People Press Play
People Press Play
openhagen-based electronic group People Press Play is but a reshaping of Future 3, who have added vocalist Sara Savery to six of this album’s ten tracks to include a Febrezey vocal element to the already over-oxygenated flatlands and snowy mountains of the album’s chosen arenas. Composing songs that can only be faulted for sounding dreadfully passé, the group can’t forget its forebears. “Girl” is a hands-on tribute to Air, rife with cooing amorous male vocals and fusions of metallic thunderclaps and swirling concoctions of electrified voice and humanized machine. Savery, on “Always Wrong,” suggests some of Imogen Heap’s Frou Frou incantations of fritzing beat with moth-eaten cashmere vocals, a kind of nature video soundtrack recounting the lives of microscopic pond-dwellers and their diaphanous-winged predators.
Fans laterally spanning the intelligent lullaby genre from Sigur Ros to Zero 7 to Efterklang will enjoy snoozing to the scintillating moments of the album’s early tracks as much as the meatier support to “Girl”’s sonic mission statement: the aforementioned “Always Wrong,” and particularly “These Days,” with a predictable but lovely tapestry of rapid heart murmuring from the synth bass and whining analogs in high registers. The instrumental songs are decent, though they try too hard to be a kind of Aphex Twin of the post-millenium, a Squarepusher with disdain for rhythmic structure and a love of melody (even though other critics have faulted this debut for having none of the latter, well, I’ve heard worse).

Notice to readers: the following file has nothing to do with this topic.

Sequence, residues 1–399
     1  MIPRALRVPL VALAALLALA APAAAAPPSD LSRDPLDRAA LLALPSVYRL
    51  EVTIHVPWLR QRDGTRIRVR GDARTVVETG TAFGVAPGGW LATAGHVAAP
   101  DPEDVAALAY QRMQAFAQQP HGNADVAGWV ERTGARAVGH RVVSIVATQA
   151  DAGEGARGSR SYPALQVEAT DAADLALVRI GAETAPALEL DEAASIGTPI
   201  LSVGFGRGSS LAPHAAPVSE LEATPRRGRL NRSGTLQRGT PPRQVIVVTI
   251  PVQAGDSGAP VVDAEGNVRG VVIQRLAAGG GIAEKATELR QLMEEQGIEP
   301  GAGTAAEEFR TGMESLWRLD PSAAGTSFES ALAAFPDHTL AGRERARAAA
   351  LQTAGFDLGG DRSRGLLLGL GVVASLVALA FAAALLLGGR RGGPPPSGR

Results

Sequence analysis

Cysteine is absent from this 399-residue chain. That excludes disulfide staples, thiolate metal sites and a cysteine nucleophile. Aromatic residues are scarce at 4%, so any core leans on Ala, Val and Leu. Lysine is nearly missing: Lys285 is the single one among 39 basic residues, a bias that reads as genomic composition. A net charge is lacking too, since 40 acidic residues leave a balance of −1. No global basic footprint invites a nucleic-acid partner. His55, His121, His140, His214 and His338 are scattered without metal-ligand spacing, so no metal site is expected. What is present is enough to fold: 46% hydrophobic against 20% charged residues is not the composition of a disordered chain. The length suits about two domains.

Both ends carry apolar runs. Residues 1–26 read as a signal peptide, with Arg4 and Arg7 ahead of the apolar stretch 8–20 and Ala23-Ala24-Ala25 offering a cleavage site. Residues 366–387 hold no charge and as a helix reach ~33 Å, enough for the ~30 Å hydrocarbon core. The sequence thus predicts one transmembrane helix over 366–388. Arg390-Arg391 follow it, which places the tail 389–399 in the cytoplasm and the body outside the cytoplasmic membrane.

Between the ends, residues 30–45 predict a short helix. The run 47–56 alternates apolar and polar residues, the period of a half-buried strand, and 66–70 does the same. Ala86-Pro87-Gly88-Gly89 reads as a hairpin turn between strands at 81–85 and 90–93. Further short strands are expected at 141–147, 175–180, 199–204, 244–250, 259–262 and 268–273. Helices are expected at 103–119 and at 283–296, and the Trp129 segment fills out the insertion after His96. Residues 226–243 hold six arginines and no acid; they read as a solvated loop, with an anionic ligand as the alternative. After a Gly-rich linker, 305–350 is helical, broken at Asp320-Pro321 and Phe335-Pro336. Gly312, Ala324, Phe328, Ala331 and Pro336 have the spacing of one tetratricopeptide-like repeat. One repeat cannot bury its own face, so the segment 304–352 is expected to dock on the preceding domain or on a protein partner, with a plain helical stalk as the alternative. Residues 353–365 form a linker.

At the onset, “Hanging On” is a keyboard transposed onto a synth bassline track, which gives way to a backgrounded xylophone puncturing the crisp, stiff metallic atmosphere with softness. This is all bolstered by a soothing electric guitar, which plays like its classical older sibling. The song gets boring, melody-wise, only saved by Savery’s verses, which are minimal but crucial to one’s ability to like the song. As seen on Outputmessage’s debut, PPP belie the experience they have with their equipment, which often yields a commendable attention to detail: Alongside Savery’s accompanists on “Hanging On”—guitar, seeting, zithering drum machine, and xylo—are skittering details in the background, organic, creaturely elements also found in the busy tapestry of “Always Wrong.”
There are tracks in which the voice and atmosphere are given equal weight. On “Before Me,” the same lyrical line is repeated essentially throughout the song, which turns out to be not really that interesting, but begs the question why the group’s three henchmen couldn’t experiment more with turning Savery’s—and their—vocals into another man-made instrument, as those fare well here as simulators of pretty natural environments. This is attempted a little on the opener “Girl,” where voice becomes a moody co-creator, a brisk wind in a tinseled forest, but it would be fascinating to hear voice as percussion in the fashion of Allien and Apparat’s “Do Not Break.” That duo knew the limits of being too leaden, which this group does not, even though they’re happy to half-assedly test the waters of the German pair’s heart-on-sleeve industrialization.
“Studio”’s thrashing, animalistic sound effects and adamant synth bass suggests them, as does “Everything”’s peacemaking alarm-bell digital patterns, slowed down to the electric guitar’s improvisational, lazy-Sunday strums. “Everything,” the exit track, ends up being a perfect complement to the opener—the JMC organ-pipe vocals and breathtaking washes of distorted guitar, bass, and a hint of flute are the response to “Girl”’s call, an old sentiment wizened by the sonic tapestries that preceded it. Atmospheric, and too often insubstantive, this album is flawless in its familiar, surface achievements.